B. MonelE. BeaumontD. VendramO. SchwartzD. Brand and F. Mammano, HIV cell-to-cell transmission requires the production of infectious virus particles and does not proceed through Env-mediated fusion pores, J. Virol., 86 (2012), 3924-3933. doi: 10.1128/JVI.06478-11. Google Scholar

[20]

V. MullerJ. F. Vigueras-Gomez and S. Bonhoeffer, Decelerating decay of latently infected cells during prolonged therapy for human immunodeficiency virus type 1 infection, J. Virol., 76 (2002), 8963-8965. doi: 10.1128/JVI.76.17.8963-8965.2002. Google Scholar

[21]

P. W. NelsonM. A. GilchristD. CoombsJ. M. Hyman and A. S. Perelson, An age-structured model of HIV infection that allows for variations in the production rate of viral particles and the death rate of productively infected cells, Math. Biosci. Eng., 1 (2004), 267-288. Google Scholar

[22]

M. A. Nowak and C. R. M. Bangham, Population dynamics of immune responses to persistent viruses, Science, 272 (1996), 74-79. doi: 10.1126/science.272.5258.74. Google Scholar

[23]

M. A. Nowak and R. M. May, Virus Dynamics: Mathematical Principles of Immunology and Virology, Oxford University Press, Oxford, 2000. Google Scholar

[24]

A. S. PerelsonD. E. Kirschner and R. De Boer, Dynamics of HIV infectin of CD4$^+$ T cells, Math. Bisci., 114 (1993), 81-125. Google Scholar

[25]

A. S. Perelson and P. W. Nelson, Mathematical analysis of HIV-1 dynamics in vivo, SIAM Rev., 41 (1999), 3-44. doi: 10.1137/S0036144598335107. Google Scholar

[26]

A. S. PerelsonP. EssungerY. CaoM. VesanenA. HurleyK. SakselaM. Markowitz and D. D. Ho, Decay characteristics of HIV-1-infected compartments during combination therapy, Nature, 387 (1997), 188-191. doi: 10.1038/387188a0. Google Scholar

[27]

V. Piguet and Q. Sattentau, Dangerous liaisons at the virological synapse, J. Clin. Invest., 114 (2004), 605-610. doi: 10.1172/JCI22812. Google Scholar

[28]

H. PourbashashS. S. PilyuginC. C. McCluskey and P. De Leenheer, Global dynamics of within host virus models with cell-to-cell transmission, Discrete Contin. Dyn. Syst. Ser. B, 19 (2014), 3341-3357. doi: 10.3934/dcdsb.2014.19.3341. Google Scholar

[29]

L. RongZ. Feng and A. S. Perelson, Mathematical analysis of age-structured HIV-1 dynamics with combination antiretroviral therapy, SIAM J. Appl. Math., 67 (2007), 731-756. doi: 10.1137/060663945. Google Scholar

[30]

H. L. Smith and H. R. Thieme, Dynamical Systems and Population Persistence, Amer. Math. Soc. , Providence, 2011. Google Scholar

[31]

M. C. StrainH. F. Gunthard and D. V. Havlir, Heterogeneous clearance rates of long-lived lymphocytes infected with HIV: Intrinsic stability predicts lifelong persistence, Proc. Natl. Acad. Sci. USA, 100 (2003), 4819-4824. doi: 10.1073/pnas.0736332100. Google Scholar

[32]

M. C. StrainS. J. Little and E. S. Daar, Effect of treatment, during primary infection, on establishment and clearance of cellular reservoirs of HIV-1, J. Infect. Dis., 191 (2005), 1410-1418. doi: 10.1086/428777. Google Scholar

[33]

H. R. Thieme, Uniform persistence and permanence for non-autonomous semiflows in population biology, Math. Biosci., 166 (2000), 173-201. doi: 10.1016/S0025-5564(00)00018-3. Google Scholar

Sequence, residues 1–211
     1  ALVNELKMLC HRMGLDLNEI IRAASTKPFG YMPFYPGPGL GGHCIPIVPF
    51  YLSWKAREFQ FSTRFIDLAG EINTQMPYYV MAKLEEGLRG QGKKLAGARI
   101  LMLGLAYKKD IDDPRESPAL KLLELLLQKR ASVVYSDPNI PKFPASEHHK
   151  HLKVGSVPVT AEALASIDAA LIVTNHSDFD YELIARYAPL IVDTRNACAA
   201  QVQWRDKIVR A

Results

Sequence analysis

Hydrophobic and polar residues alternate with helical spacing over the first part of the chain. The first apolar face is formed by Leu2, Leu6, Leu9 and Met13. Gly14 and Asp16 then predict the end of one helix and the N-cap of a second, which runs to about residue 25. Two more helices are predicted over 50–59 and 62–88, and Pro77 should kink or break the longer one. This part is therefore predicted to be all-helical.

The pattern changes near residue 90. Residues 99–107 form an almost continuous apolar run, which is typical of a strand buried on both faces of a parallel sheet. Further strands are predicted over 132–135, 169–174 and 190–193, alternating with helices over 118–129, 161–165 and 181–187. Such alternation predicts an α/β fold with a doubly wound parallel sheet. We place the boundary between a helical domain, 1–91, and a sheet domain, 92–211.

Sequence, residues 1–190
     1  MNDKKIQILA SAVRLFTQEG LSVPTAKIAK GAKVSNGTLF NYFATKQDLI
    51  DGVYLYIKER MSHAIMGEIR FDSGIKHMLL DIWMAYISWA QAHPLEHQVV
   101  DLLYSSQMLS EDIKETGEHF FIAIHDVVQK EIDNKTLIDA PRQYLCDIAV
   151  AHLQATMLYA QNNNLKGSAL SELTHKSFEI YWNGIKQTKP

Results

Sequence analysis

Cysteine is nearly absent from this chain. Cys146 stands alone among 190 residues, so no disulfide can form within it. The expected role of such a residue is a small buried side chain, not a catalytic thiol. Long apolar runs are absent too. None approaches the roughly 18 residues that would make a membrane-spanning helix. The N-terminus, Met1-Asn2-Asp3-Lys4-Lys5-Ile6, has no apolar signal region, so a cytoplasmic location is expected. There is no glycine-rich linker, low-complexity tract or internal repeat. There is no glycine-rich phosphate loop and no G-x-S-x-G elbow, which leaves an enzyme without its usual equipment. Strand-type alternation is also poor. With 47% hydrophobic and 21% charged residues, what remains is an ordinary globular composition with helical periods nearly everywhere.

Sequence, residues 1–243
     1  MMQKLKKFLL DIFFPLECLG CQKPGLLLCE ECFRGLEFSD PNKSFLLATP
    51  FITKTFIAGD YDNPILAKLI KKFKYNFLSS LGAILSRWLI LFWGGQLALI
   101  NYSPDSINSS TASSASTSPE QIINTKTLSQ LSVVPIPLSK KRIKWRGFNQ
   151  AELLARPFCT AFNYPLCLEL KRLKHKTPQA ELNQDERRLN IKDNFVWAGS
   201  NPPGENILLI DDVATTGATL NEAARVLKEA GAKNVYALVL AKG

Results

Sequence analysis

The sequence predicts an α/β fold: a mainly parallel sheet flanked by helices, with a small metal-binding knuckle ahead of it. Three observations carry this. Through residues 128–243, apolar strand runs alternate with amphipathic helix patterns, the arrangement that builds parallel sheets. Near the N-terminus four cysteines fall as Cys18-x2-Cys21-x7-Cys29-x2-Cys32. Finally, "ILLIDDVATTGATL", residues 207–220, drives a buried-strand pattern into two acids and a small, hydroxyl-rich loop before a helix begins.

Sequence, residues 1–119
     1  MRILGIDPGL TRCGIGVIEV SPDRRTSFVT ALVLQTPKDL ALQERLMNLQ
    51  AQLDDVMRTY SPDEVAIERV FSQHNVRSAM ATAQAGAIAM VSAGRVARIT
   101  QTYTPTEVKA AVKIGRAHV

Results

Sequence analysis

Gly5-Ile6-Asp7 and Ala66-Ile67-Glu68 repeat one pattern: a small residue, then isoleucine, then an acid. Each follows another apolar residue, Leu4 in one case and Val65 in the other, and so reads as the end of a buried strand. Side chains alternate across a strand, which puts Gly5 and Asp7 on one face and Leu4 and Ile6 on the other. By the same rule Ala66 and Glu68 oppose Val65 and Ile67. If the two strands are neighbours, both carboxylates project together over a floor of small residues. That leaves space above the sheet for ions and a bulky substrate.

[34]

H. R. Thieme and C. Castillo-Chavez, How may infection-age-dependent infectivity affect the dynamics of HIV/AIDS?, SIAM J. Appl. Math., 53 (1993), 1447-1479. doi: 10.1137/0153068. Google Scholar

[35]

J. A. Walker, Dynamical Systems and Evolution Equations, Plenum Press, New York and London, 1980. Google Scholar

[36]

H. WangR. XuZ. Wang and H. Chen, Glbal dynamics of a class of HIV-1 infection models with latently infected cells, Nonlinear Anal.: Model. Control, 20 (2015), 21-37. doi: 10.15388/NA.2015.1.2. Google Scholar

[37]

J. WangJ. Lang and X. Zou, Analysis of an age structured HIV infection model with both virus-to-cell infection and cell-to-cell transmission, Nonlinear Anal.: RWA, 34 (2017), 75-96. doi: 10.1016/j.nonrwa.2016.08.001. Google Scholar

[38]

J. WangR. Zhang and T. Kuniya, Global dynamics for a class of age-infection HIV models with nonlinear infection rate, J. Math. Anal. Appl., 432 (2015), 289-313. doi: 10.1016/j.jmaa.2015.06.040. Google Scholar

[39]

J. WangR. Zhang and T. Kuniya, Mathematical analysis for an age-structured HIV infection model with saturation infection rate, Electron. J. Differential Equations, 33 (2015), 1-19. Google Scholar

[40]

J. WangR. Zhang and T. Kuniya, The dynamics of an SVIR epidemiological model with infection age, IMA J. Appl. Math., 81 (2016), 321-343. doi: 10.1093/imamat/hxv039. Google Scholar

[41]

G. F. Webb, Theory of Nonlinear Age-dependent Population Dynamics, Marcel Dekker, Inc. , New York, 1985. Google Scholar

[42]

Q. Wen and J. Lou, The global dynamics of a model about HIV-11 infection in vivo, Ric. Mat., 58 (2009), 77-90. doi: 10.1007/s11587-009-0048-y. Google Scholar

show all references

References:
[1]

A. AlshormanC. SamarasingheW. Lu and L. Rong, An HIV model with age-structured latently infected cells, J. Biol. Dyna., 11 (2017), 192-215. doi: 10.1080/17513758.2016.1198835. Google Scholar